Monday, September 20, 2010

Spinach, Tomato & Swiss Quiche

I'm going to start out with an apology, which maybe isn't the best beginning of a post, but it's honest nonetheless. I used a ready-made crust. Now that's not normally how I roll, but I wanted to make quiche and we had about an hour before we had to be on our way to Baltimore for the Yankees/O's game. (The Yanks lost by the way, which made for a happy husband and father-in-law, but not so much for a happy me.)

Anyway, so back to the quiche. It was actually super simple (especially if you cheat and use the ready-made crust) and it's a great vehicle for highlighting any in-season vegetables or flavors that you love; the possibilities are endless. I chose to focus on the incredibly delicious tomatoes that are cropping up all around and made one veggie (for my father) with spinach, tomato, and swiss and the other with all of that plus Canadian bacon.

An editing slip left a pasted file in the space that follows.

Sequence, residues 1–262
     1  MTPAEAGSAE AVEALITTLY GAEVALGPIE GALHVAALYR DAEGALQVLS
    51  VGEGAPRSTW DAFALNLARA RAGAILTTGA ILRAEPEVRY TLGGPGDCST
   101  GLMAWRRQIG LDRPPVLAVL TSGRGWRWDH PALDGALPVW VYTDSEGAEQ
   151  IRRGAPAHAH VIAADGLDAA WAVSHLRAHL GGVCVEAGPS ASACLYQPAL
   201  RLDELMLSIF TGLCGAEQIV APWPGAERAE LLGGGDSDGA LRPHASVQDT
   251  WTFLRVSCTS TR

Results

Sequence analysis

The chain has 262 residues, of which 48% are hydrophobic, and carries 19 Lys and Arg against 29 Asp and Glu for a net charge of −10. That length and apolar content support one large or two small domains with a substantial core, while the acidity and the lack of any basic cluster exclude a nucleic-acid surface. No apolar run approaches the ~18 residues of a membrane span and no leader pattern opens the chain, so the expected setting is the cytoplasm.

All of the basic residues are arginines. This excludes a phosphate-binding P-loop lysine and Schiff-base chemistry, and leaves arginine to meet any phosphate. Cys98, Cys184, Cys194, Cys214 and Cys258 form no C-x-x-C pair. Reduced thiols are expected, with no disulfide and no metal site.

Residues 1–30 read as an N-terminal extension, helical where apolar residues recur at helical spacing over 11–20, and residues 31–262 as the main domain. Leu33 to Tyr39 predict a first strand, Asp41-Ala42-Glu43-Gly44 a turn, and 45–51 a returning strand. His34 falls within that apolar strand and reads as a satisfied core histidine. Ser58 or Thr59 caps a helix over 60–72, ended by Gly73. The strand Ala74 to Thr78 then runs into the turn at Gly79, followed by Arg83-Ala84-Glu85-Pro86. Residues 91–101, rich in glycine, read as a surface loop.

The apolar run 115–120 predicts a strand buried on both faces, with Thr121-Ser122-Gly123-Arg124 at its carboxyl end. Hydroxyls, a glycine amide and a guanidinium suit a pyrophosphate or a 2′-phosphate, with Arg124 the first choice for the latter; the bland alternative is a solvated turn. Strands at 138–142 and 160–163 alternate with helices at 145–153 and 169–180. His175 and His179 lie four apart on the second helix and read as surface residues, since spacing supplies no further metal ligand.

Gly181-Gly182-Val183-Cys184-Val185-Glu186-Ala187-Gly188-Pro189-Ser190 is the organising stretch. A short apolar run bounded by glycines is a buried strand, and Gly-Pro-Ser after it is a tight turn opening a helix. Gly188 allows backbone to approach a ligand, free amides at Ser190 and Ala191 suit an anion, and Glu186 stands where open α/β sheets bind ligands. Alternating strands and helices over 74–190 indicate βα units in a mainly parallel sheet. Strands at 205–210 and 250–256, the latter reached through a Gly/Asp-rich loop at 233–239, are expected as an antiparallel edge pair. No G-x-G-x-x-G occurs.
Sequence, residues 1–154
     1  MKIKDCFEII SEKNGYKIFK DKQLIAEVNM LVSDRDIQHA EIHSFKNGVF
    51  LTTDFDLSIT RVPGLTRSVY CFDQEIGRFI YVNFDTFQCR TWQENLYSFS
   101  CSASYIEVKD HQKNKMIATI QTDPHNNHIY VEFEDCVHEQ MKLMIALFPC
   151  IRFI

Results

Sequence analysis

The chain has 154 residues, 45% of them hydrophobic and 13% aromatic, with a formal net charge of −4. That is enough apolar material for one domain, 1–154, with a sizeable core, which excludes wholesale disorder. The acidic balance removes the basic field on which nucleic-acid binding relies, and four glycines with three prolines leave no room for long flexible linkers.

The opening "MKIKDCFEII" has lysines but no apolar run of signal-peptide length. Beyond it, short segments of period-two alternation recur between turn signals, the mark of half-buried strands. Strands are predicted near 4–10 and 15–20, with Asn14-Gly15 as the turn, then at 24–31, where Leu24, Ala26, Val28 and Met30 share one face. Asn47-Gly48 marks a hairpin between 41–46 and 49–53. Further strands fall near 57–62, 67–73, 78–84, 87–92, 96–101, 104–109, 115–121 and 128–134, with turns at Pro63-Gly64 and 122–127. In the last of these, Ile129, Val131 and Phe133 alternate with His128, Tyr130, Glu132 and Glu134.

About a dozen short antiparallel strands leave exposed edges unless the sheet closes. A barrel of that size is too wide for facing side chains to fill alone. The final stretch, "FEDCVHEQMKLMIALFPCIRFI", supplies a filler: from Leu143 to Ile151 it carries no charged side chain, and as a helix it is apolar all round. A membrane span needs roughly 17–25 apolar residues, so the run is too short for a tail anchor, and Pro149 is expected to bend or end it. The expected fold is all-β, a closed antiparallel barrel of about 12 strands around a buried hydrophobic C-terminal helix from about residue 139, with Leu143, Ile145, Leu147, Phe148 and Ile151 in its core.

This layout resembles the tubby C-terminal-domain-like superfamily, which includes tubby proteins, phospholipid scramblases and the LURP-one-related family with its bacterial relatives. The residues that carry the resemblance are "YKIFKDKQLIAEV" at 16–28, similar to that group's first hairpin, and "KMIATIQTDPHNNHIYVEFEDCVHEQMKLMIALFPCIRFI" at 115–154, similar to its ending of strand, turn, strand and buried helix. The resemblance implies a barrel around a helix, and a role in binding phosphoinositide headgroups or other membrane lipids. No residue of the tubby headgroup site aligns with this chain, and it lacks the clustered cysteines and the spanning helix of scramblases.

It took less than 45 minutes to put it all together and making only one would easily shave some time off. The result was a great and significant breakfast, which you know, is the most important meal of the day. And my favorite!

Spinach, Tomato & Swiss Quiche
makes 2 quiches

1/4 lb canadian bacon

1 lb frozen chopped spinach, thawed

1 cup cherry tomatoes, halved

16 oz swiss cheese, grated

6 eggs

2 cups light cream

1 cup milk

2 teaspoons salt

a dash nutmeg

2 pie crusts (homemade or ready-made)

1. Heat the oven to 400°F; line the pie pans with crust and cover with fork holes; bake the pie crusts for 10 minutes, w/ a weight on top (to keep them from puffing up)

2. In a large bowl, mix the eggs, cream, milk, cheese, salt and nutmeg.

3. Once the crusts have baked, remove them from the oven and cover each with the spinach, tomatoes and bacon. (we did one with bacon, if you want to make both with bacon use a 1/2 lb).

4. Place the pie pans on a cookie sheet (trust me, even an expert pour will leak a little).

5. Cover each with half of the egg/cream/cheese mixture.

6. Bake at 450°F for 10 minutes.